Astronomer. He was born in Groningen, the Netherlands, and became deaf after contracting scarlet fever at age five. He attended Thomas Braidwood's School for the Deaf in Edinburgh and then the Warrington Academy, where he was an excellent student of mathematics and astronomy. After returning to his parents' home in York, England, he made astronomical observations with his neighbor and distant relative, Edward Pigott. The two were the first to measure accurately the brightnesses of stars whose light varies with time. Goodricke reported the first precise measurement of the period of variation of the star Algol, which is now known to be an eclipsing binary star. For this work, he was awarded the Copley Medal of the Royal Society of London in 1783. He was elected to membership in the Royal Society in 1786, less than two weeks before he died at the age of 21. He is buried with his grandparents, parents, brother, and nephew in the churchyard at Hunsingore, North Yorkshire. At present, the only stone marking their burial places says "The Goodricke Vault."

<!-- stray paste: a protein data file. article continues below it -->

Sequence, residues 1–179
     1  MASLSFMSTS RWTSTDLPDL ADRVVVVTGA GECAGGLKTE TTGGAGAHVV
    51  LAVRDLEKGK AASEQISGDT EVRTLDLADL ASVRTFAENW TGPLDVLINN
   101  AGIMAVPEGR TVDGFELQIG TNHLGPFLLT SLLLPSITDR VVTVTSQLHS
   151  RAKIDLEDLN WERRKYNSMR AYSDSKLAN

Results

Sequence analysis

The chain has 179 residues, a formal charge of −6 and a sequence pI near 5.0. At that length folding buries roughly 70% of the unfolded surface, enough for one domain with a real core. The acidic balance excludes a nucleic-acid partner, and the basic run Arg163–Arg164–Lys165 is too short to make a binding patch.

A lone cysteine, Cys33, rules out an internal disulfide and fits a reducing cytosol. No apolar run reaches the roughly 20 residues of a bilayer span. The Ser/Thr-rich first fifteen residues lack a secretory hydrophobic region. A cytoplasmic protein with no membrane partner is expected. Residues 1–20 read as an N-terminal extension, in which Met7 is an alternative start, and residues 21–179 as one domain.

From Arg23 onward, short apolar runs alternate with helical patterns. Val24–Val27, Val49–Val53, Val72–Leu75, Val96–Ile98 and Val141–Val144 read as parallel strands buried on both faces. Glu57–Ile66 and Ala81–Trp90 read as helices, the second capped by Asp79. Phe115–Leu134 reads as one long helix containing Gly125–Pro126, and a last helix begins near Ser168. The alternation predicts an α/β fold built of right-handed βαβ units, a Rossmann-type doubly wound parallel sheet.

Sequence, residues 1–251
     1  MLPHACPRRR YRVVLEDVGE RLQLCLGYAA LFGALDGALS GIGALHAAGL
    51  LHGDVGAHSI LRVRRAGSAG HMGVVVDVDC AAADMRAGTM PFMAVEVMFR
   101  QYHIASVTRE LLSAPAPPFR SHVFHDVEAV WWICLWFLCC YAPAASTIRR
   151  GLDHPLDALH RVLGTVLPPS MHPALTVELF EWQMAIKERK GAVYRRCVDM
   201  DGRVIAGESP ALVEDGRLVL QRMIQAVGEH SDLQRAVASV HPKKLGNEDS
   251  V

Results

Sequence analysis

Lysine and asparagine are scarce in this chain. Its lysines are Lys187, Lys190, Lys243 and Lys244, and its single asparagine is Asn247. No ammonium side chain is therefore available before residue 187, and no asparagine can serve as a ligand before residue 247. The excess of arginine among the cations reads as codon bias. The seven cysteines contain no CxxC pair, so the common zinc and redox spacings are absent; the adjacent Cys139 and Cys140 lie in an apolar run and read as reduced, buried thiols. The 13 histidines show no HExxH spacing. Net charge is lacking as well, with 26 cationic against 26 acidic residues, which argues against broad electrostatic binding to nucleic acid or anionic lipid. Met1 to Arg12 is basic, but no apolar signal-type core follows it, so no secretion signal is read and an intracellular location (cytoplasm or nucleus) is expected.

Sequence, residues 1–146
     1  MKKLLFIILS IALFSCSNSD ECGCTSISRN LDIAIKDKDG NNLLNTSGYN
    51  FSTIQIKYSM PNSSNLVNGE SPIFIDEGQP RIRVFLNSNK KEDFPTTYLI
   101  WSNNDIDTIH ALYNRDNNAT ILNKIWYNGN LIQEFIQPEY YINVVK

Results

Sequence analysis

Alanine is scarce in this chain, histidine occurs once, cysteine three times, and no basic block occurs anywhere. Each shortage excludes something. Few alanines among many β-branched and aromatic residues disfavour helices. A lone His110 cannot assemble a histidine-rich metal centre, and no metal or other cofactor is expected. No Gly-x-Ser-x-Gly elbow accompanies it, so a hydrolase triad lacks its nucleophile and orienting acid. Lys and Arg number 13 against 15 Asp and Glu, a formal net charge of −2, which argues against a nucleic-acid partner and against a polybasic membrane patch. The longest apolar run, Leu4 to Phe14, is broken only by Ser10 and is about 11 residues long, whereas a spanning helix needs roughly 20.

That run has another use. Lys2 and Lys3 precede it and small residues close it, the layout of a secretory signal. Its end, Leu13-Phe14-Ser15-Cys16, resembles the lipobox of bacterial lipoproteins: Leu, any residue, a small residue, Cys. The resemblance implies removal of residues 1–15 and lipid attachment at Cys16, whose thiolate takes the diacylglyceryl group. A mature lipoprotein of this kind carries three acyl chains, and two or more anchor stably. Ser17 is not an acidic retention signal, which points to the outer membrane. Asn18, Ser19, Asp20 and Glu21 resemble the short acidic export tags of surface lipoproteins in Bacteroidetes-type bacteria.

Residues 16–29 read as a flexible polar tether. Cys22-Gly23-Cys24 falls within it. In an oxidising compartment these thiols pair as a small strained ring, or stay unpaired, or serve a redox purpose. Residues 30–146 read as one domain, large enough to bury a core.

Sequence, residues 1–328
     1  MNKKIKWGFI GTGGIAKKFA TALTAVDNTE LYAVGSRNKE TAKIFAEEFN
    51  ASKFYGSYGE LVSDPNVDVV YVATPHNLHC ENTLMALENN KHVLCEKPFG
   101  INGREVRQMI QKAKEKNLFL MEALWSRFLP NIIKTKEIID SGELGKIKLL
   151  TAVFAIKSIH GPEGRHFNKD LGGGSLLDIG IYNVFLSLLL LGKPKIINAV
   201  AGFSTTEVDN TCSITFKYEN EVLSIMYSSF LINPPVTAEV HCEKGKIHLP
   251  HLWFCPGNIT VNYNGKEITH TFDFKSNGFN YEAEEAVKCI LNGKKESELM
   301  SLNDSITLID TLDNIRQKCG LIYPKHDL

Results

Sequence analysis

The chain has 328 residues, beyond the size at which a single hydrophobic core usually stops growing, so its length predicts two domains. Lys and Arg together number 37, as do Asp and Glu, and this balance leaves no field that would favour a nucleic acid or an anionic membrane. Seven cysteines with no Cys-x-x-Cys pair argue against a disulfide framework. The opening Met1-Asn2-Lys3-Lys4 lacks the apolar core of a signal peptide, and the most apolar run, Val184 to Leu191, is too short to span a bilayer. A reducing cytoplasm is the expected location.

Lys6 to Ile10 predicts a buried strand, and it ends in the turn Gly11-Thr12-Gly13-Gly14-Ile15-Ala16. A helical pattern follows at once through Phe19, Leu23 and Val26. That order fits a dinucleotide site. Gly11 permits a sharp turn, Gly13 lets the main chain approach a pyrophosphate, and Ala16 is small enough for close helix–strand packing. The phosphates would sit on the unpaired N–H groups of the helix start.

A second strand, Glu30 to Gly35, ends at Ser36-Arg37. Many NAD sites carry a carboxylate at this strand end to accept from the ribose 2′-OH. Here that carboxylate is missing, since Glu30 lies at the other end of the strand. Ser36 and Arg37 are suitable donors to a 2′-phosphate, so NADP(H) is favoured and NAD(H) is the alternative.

Bio by: Linda French